That’s what I get from the mainstream media (or the parts I can access – Prothom Alo and Daily Star aren’t safe for my iPad), and that’s not the curious thing. If that’s all there was to it, it would be hardly different from the occasional rampage some of the more ‘pious’ and excitable fellows get up to every time any government wants to give women equal rights of inheritance.
The curious thing is what I see in facebook and blogs. Judging by their account, Bangladesh stood on the brink of civil war. Religious fanatics had openly declared war on the country as it exists. On the other side, a large crowd had returned to Shahbagh in the evening, demanding that unless the government acts, there will be a revolution.
As explained earlier, on Shahbagh I’ve preferred to keep my mouth shut and eyes open. That remains my general approach. I have little factual understanding of what exactly is happening in Bangladesh. It may be that my facebook friends are an alarmist bunch (bloggers of all types in all countries are usually a hyperventilating lot — Andrew Sullivan felt suicidal when Obama did poorly in a debate!), and the mainstream media had it right: nothing of consequence happened yesterday. Or, it may be that there are complicated games at play — not being privy to any palace intrigues, I’ll leave conspiracy theorising to others.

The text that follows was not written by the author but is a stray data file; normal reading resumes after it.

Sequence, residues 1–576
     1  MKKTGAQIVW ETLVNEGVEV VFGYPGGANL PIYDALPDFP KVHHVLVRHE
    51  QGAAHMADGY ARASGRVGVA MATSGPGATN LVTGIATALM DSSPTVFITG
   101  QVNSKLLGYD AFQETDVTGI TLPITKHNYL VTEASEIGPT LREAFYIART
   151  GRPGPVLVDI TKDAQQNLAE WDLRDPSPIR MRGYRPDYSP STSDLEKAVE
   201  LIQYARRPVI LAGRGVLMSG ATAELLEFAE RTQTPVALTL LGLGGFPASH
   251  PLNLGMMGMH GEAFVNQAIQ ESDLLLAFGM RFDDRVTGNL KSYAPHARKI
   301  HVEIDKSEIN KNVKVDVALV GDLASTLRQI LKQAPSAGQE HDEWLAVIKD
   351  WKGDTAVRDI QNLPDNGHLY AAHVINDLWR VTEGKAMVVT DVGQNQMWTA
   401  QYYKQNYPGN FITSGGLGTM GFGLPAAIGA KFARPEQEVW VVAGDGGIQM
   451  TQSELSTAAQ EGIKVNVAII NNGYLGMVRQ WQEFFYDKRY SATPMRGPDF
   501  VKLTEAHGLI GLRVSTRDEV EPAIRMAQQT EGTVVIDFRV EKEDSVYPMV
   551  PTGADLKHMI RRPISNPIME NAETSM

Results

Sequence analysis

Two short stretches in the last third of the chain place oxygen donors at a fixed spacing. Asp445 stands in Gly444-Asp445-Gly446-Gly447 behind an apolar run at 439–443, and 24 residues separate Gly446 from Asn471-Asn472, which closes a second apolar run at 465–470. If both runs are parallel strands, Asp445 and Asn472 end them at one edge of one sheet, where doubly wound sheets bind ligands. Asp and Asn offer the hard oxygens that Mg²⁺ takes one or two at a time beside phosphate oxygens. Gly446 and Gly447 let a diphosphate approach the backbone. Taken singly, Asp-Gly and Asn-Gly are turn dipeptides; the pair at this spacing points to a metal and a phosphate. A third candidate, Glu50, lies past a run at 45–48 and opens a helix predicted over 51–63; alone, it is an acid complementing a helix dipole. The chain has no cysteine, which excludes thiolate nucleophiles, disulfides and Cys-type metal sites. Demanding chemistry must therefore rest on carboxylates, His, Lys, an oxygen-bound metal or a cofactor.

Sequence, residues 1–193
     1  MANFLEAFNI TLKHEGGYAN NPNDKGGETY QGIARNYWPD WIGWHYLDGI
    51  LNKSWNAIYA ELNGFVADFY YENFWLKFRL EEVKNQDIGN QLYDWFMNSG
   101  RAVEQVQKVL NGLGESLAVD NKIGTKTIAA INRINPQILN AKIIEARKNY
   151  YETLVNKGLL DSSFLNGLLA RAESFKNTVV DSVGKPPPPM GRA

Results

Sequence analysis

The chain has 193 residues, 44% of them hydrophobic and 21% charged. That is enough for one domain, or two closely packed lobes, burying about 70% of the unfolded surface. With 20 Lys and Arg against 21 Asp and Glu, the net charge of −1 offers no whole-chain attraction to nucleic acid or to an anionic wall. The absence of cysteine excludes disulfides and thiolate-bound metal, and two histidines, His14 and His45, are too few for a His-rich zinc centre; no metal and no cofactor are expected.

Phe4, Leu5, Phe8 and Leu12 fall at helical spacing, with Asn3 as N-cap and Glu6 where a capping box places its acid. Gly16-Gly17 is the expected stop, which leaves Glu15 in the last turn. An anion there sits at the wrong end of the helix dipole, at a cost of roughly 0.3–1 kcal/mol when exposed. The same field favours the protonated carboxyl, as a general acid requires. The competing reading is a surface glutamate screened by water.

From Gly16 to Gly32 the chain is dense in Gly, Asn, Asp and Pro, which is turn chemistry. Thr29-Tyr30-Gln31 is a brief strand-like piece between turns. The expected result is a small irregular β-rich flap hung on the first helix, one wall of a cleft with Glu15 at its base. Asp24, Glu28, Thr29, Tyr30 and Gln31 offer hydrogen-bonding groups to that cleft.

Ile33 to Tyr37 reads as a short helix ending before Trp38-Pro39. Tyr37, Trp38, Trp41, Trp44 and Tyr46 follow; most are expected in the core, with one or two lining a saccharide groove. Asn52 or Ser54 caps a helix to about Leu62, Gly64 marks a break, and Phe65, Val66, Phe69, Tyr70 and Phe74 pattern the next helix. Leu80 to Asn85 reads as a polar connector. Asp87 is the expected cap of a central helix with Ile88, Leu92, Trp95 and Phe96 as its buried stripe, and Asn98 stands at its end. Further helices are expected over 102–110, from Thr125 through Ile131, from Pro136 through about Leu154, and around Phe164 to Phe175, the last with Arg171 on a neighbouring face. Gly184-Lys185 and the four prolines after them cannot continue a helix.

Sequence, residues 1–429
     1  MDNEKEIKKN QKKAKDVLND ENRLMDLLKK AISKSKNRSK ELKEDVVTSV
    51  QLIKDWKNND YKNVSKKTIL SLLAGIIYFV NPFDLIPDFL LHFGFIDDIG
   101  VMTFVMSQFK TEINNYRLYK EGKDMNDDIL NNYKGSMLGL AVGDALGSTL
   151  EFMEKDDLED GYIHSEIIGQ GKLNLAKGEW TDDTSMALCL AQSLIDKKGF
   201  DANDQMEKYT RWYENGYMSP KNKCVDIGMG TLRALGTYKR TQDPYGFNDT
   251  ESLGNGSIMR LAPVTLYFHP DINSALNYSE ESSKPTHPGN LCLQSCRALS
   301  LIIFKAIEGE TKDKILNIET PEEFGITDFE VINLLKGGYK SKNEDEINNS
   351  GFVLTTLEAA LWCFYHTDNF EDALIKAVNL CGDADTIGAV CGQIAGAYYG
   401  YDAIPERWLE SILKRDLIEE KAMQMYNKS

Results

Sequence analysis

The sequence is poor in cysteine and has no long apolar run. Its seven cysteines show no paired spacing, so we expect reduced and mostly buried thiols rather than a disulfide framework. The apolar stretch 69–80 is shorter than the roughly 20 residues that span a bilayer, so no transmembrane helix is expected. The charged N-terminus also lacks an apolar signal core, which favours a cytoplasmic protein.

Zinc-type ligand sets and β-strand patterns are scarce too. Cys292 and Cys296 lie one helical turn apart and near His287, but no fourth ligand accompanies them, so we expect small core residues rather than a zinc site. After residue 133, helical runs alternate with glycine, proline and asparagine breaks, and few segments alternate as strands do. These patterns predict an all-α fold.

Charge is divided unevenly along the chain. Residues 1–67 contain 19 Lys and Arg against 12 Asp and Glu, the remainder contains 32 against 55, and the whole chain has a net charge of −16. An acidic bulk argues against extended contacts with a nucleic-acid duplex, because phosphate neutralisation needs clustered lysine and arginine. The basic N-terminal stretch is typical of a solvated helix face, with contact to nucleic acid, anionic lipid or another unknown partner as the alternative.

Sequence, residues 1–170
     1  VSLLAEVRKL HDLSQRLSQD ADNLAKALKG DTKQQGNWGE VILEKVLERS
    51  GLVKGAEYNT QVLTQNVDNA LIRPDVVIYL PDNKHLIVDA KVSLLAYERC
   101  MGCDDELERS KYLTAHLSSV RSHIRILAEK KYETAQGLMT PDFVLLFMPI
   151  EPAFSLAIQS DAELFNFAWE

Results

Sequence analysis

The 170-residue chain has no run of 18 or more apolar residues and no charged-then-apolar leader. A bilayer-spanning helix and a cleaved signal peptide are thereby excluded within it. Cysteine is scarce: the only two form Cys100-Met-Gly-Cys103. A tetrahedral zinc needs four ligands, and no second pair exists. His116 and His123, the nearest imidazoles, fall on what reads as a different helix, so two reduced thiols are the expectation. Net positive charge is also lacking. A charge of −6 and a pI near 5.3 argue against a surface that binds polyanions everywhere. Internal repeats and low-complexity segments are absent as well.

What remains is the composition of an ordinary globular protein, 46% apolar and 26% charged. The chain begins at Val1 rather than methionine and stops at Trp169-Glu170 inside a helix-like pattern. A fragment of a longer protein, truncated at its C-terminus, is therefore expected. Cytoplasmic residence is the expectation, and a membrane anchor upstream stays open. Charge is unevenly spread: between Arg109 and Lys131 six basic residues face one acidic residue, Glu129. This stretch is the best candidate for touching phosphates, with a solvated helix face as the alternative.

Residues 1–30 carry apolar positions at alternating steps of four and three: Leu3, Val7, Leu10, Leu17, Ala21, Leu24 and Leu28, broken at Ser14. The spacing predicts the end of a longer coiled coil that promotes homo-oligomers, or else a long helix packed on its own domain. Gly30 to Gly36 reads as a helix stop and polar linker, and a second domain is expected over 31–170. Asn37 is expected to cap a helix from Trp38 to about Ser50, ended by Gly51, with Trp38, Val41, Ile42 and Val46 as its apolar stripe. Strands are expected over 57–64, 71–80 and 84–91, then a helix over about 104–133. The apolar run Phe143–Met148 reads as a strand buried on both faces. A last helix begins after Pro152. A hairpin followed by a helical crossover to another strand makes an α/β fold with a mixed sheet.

If those scenarios happen, then what follows should be discarded. But as long as there is a non-trivial probability that the more alarmist version is right — that Bangladesh was/is close to civil war — then I believe it’s time for the grown ups to calm things down. (more…)
I had not been following the war crimes trial in much detail. Like many, I was surprised by the sentencing of the Abdul Quader Mollah. He was convicted, but not given the maximum penalty (death sentence) — what gives, I wondered. I saw some facebook chatters about a behind-the-scene understanding between Awami League and Jamaat-e-Islami – the alleged war criminals don’t hang, and Jamaat abandons BNP and participates in the coming election, the speculation went. I saw some facebook messages about a gathering in Shahbagh protesting the ‘farcical verdict’.
Here is a video of the gathering.*